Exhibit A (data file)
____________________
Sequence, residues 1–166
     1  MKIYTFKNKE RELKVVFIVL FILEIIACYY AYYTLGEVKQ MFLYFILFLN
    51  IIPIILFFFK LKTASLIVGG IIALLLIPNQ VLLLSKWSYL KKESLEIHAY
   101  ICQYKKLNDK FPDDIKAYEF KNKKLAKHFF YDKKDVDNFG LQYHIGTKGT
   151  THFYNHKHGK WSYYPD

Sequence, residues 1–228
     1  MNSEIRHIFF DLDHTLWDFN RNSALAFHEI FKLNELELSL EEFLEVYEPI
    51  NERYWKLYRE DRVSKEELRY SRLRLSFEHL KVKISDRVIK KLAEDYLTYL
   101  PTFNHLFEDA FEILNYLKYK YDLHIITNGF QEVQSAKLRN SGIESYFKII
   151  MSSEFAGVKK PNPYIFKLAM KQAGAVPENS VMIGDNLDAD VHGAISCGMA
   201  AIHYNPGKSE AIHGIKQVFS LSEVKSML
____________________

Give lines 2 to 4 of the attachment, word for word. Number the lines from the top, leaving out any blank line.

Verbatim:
     1  MKIYTFKNKE RELKVVFIVL FILEIIACYY AYYTLGEVKQ MFLYFILFLN
    51  IIPIILFFFK LKTASLIVGG IIALLLIPNQ VLLLSKWSYL KKESLEIHAY
   101  ICQYKKLNDK FPDDIKAYEF KNKKLAKHFF YDKKDVDNFG LQYHIGTKGT